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Score goals in business management

Being the daughter of an entrepreneur, I don’t like the thought of associating children with business. However, Tim Berry makes some excellent points in his post, “5 Small Business Management Lessons Learned While Coaching Kids”.
During the time he coached his kids’ soccer team, Tim was also building his own business, and he found that certain aspects of coaching kids could be applied to managing a small business.
1. Simple is really effective 

“In my earlier years we’d coach the kids about teamwork and passing and triangles and positions. What we got was a collection of confused kids. Later, we started focusing on just three things: 

  • Get the ball into the goal.
  • Keep it out of our own goal.
  • Go where the ball is going, not where it is.” 

Once those kids had clear goals in mind, they started winning all their matches; and, not only that, they actually enjoyed themselves on the field! So just how does this apply to your business?
Well, your work team also needs concrete, well-defined objectives. What else are you going to work towards? Sure, there’s always an ultimate mission, but it takes small and simple steps to fully realize the overall vision for a company.
Even if you have a chaotic start-up on your hands, it’s really important to break down (or plan) the work according to a process – with measurable aims. This gives you, your employees, and the business some much-needed direction. 
2. “You did it” works better than “You idiot” 
“The kids I coached didn’t learn anything from angry adults telling them what not to do. Or even worse, that what they just did was wrong thing. “Why did you do that” and “I told you not to do that” does nobody any good. 
Dressing somebody down in front of peers does nobody any good. Not kids and not adults. On the other hand, praise worked really well.” 
This applies to anything really – parenting, teaching, team management, and even being a dog owner. Unconstructive criticism, disappointment, any sort of negative reaction/emotion – these do nothing to motivate people (or animals).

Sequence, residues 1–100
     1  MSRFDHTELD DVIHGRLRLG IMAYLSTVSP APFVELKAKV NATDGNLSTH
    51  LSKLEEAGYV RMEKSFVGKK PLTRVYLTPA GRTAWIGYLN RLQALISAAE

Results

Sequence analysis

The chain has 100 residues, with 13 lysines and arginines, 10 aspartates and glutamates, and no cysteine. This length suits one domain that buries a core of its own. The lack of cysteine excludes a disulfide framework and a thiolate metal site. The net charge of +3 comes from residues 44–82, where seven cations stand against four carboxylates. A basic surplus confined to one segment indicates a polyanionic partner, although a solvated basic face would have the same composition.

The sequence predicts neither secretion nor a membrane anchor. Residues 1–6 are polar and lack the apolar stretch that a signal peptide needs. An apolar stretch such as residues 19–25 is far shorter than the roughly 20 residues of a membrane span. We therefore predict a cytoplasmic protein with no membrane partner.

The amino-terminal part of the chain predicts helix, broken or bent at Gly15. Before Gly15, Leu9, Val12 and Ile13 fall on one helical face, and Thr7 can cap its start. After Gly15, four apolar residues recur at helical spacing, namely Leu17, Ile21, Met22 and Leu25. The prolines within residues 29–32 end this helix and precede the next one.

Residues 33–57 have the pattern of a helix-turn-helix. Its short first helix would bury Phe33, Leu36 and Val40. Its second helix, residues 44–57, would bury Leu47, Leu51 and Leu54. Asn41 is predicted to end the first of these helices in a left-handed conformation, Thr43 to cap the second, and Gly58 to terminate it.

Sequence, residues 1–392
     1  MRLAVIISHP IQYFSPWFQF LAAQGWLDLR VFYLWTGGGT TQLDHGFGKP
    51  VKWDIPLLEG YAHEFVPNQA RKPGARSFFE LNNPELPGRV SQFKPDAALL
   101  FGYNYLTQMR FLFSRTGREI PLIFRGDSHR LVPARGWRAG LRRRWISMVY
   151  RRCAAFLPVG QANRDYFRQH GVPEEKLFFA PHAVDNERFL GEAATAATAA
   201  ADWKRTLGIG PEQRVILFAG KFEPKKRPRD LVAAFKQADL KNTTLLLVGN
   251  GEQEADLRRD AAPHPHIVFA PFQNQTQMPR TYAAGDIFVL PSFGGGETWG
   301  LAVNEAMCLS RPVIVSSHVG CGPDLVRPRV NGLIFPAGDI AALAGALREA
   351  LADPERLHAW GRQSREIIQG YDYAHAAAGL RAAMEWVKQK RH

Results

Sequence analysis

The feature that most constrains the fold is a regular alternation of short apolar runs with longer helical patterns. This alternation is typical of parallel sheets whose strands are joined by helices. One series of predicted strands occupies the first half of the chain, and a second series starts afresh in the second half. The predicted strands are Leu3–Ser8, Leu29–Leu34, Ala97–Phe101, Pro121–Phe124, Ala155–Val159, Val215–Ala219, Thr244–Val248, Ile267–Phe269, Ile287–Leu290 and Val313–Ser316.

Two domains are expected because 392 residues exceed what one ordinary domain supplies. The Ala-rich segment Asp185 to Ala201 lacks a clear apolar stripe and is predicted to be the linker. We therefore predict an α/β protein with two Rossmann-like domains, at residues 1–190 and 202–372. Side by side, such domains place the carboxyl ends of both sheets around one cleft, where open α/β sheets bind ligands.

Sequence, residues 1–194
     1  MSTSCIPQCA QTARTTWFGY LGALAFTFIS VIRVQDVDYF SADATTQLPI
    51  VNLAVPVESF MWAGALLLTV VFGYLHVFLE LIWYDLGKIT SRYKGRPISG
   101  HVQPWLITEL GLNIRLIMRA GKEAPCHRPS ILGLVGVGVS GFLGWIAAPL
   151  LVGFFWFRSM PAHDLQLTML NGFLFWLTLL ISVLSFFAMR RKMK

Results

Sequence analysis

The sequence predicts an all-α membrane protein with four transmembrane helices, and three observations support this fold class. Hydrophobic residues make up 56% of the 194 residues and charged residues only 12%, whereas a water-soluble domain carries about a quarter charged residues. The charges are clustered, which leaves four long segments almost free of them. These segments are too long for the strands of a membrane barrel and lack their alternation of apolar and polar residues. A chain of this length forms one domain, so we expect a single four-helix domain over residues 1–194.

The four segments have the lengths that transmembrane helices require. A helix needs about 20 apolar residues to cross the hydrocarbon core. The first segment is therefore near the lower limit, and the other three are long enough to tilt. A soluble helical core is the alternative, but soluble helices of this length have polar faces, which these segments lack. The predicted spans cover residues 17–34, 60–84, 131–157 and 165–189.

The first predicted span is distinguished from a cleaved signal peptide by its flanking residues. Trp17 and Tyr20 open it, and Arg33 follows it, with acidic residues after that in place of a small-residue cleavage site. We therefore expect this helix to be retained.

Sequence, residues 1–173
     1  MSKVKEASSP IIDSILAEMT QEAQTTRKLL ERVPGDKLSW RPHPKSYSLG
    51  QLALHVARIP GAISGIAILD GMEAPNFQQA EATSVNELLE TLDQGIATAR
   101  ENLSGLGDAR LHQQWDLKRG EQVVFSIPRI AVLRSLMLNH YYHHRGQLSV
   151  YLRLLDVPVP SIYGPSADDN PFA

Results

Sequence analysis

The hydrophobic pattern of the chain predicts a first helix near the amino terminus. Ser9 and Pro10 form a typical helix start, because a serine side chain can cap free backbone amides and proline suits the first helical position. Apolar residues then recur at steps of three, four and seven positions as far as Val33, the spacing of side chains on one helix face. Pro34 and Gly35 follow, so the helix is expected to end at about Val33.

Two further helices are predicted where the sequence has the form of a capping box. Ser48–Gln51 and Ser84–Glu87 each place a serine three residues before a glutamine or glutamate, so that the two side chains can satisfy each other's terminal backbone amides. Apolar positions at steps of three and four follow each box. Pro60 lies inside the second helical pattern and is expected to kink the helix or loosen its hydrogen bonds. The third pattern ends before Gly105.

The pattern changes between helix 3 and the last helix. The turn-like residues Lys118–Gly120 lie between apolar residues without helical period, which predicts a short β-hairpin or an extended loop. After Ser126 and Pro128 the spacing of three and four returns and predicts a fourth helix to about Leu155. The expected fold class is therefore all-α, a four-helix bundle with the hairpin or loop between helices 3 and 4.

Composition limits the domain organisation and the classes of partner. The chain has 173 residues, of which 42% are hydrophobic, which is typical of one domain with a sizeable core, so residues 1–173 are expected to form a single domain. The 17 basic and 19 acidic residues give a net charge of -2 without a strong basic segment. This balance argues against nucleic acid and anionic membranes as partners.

Tim also notes that it’s not only about praising your star employees who constantly perform well. Remember to guide and support those who struggle; be patient with them, and when they succeed it will be that much more rewarding for you and for them. And speaking of rewarding, the next 3 points are lessons in praise and incentives. 
3. Rewards should be served hot
“For the soccer kids, shouting and praise “in the moment” was way better than the pat on the back later.
In business, reward people the moment you get the good news. This is way more powerful than anything that you do later. Reacting fast to your own people is as critical to a business as answering sales queries quickly. Do not wait. Don’t take a note for the next salary review. Do it right now. Every day you wait dilutes the impact.” 
We’ve mentioned this before: when it comes to rewarding, do it quickly. Instant rewards, such as an immediate bonus, are the most gratifying and have the maximum impact.
4. Turn peer pressure to peer power 
“We’d praise the kids when they were together so they could all hear. We’d let the whole team know about what somebody did well. 
Good people want praise and peer recognition. If you’re the boss, then you should always be looking for ways to praise somebody. Not the meaningless self-esteem-like prattle nobody respects, but serious acknowledgement for good work should happen in meetings, in an email, even on the wall. 
So give that bonus in a meeting where peers are present. Give it along with an email to the group, so the person you want to reward gets the additional benefit of an email to save and use at some future point.”
That hits the nail on the head. Public praise is a big confidence booster and also incentivizes others to up their game. 
5. Combine praise with more responsibility
“When one kid dribbled well, centered the ball, and set up a goal – we’d position them to do it again. When a kid seized that opportunity, took the assist and scored the goal, we’d put them where they could do that again. This point is my favorite because it has a double whammy to it. 
If you reward success with more trust and responsibility, you simultaneously improve your team. People who don’t want to do more might not be motivated by more responsibility, but then by definition, those aren’t the people you want to reward anyhow.” 
Most people should want to advance in a job and consequently in their careers. Help them to do just that when they perform exceptionally well. This also shows how much you value their work and believe in their abilities.
More responsibility could come in the form of taking the lead in a new project for instance, or even acquiring a higher position in the company.
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What’s the bottom line then? Take on a kids’ sports team and improve your business management skills? Not necessarily – Tim’s already done that for us. But the above does show us that managing a business doesn’t have to be a daunting and impossible task.
Essentially, you’re the coach of your work team. So what you need to do is provide a little patience, guidance, and encouragement… and cheer as you all score some business goals!

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